Looking for an online poker sign-up bonus code? Try the bonus code center.
The Beginners' Guide to Online Poker starts with the basics but also covers site integrity, legal issues, taxes and more.
The FAQ is a volunteer effort. Join us by submitting updates, or let us help you learn about online poker. Details.
Index > Poker games and rules > More advanced topics

What does pot-limit mean?

Author: Steve Brecher
Last updated: 1999
Copyright © 2004 Steve Brecher
The official and up-to-date version of this answer is here.

This is an explanation of bet size limits in pot limit poker.

In pot limit, as in all poker, you may fold, or call the previous bet -- which may be a forced blind, if there is no previous voluntary bet -- or you may raise. A raise, as in all poker, must be at least as large as the previous bet or raise. In pot limit, however, your raise may be no larger than the size of the pot after your call. If you are the opening bettor on a round for which no blinds are made, your bet can be no more than the size of the pot.

Say that the pot contains p units before a previous bettor bets (or blinds) b units. You wish to raise the maximum. What is the total amount that you should bet?

The size of the pot when it is your turn to act is p+b. Your action includes a call, making the pot p+2b, and thus the amount of your raise will be p+2b and your total bet will be p+3b. Therefore:

If you wish to raise the previous bettor (or big blind) the maximum amount, your total bet will be three times the previous bet plus the size of the pot before the previous bet was made. If you are the first to act on the first round, the size of the pot before the previous bet is the total of the small blind(s), and the previous bet is the big blind.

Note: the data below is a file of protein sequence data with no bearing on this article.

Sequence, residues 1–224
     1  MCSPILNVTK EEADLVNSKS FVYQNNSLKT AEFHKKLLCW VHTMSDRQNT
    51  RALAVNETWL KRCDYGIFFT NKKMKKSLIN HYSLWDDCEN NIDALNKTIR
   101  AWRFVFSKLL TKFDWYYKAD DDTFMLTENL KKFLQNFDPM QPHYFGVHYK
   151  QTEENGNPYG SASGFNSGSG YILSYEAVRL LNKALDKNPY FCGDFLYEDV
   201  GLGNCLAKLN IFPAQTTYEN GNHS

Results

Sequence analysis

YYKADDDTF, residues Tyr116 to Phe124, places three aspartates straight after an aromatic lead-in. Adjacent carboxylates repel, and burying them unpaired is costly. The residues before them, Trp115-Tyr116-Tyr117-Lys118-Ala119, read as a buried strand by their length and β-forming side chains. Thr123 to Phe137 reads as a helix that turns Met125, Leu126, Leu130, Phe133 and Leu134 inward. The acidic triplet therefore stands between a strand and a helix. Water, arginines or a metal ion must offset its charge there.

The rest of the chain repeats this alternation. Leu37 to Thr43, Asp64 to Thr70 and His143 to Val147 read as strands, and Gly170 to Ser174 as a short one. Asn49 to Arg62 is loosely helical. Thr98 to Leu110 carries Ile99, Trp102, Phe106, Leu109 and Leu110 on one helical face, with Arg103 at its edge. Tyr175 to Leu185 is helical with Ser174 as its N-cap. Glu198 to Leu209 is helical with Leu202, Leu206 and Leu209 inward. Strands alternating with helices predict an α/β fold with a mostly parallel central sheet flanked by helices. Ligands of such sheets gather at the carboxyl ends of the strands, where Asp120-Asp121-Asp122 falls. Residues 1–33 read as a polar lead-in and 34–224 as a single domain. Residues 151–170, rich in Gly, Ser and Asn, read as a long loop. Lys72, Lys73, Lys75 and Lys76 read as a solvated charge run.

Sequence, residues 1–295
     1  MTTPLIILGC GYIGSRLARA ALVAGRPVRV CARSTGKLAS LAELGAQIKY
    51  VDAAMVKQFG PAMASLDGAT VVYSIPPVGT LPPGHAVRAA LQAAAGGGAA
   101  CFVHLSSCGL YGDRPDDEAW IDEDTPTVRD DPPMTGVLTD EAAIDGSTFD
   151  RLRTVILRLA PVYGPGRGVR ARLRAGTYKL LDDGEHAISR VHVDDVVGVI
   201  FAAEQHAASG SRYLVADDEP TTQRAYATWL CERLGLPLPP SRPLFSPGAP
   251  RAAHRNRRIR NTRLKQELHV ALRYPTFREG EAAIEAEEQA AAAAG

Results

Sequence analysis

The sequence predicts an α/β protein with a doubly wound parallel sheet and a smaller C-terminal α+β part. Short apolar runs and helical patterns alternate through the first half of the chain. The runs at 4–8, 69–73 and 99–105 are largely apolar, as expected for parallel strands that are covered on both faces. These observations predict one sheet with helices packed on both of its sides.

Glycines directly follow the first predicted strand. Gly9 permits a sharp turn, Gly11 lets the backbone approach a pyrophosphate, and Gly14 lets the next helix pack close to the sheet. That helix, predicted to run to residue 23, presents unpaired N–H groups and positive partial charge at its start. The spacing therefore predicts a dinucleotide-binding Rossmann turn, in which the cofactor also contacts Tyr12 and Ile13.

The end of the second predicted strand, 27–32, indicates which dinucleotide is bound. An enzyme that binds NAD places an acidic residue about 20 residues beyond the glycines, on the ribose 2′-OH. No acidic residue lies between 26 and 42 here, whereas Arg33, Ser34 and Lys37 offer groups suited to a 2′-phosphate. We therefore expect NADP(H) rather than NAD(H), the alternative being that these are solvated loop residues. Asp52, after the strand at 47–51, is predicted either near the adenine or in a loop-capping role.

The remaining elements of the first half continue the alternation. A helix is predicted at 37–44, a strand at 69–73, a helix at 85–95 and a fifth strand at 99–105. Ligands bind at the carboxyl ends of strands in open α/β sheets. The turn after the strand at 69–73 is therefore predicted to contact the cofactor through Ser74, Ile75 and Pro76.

Sometimes the minimum betting unit is larger than the size of one or more blinds. E.g., it may be that only $5 chips play for betting, but one or more blinds are smaller than $5. In this case, the maximum initial bring-in is rounded to the betting unit.

Some people state the general rule that the maximum initial bring-in is "four times the big blind." This is correct only if the total of the small blinds, after rounding if appropriate, is equal to the big blind, and this is not always the case. E.g., in a tournament when the blinds are $100 and $200, the maximum bring-in is $700, not $800. The correct rule is "three times the big blind plus the total of the small blinds, rounded as appropriate."


  size of pot before                   3 x previous bet
  previous bet         previous bet   + size of pot before
                                        previous bet
                                         = next bet
       1                   -                 1
       1                   1                 4
       2                   4                14
       6                  14                48
      20                  48               164
      68                 164               560
     232                 560              1912

So, if the initial pot size were $100, the seventh maniacal raiser would be making a total bet of $191,200. The action can escalate quickly.